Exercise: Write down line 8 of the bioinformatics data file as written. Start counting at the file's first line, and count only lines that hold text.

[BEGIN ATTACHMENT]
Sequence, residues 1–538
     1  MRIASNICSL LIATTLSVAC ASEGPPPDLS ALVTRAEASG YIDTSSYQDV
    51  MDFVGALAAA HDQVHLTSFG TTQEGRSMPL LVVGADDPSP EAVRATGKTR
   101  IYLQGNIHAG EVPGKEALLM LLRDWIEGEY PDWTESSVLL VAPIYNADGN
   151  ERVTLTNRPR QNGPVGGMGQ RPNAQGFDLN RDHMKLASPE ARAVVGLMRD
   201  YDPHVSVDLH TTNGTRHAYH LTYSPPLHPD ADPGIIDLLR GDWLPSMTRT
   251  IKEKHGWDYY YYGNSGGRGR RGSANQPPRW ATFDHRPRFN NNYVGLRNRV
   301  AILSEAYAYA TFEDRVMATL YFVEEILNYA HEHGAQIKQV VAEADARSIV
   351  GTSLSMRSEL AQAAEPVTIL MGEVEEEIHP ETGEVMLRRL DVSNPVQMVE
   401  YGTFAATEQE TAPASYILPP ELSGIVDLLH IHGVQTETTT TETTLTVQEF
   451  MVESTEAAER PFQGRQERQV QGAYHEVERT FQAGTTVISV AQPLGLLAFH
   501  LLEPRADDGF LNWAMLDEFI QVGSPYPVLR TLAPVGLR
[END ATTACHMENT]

   301  AILSEAYAYA TFEDRVMATL YFVEEILNYA HEHGAQIKQV VAEADARSIV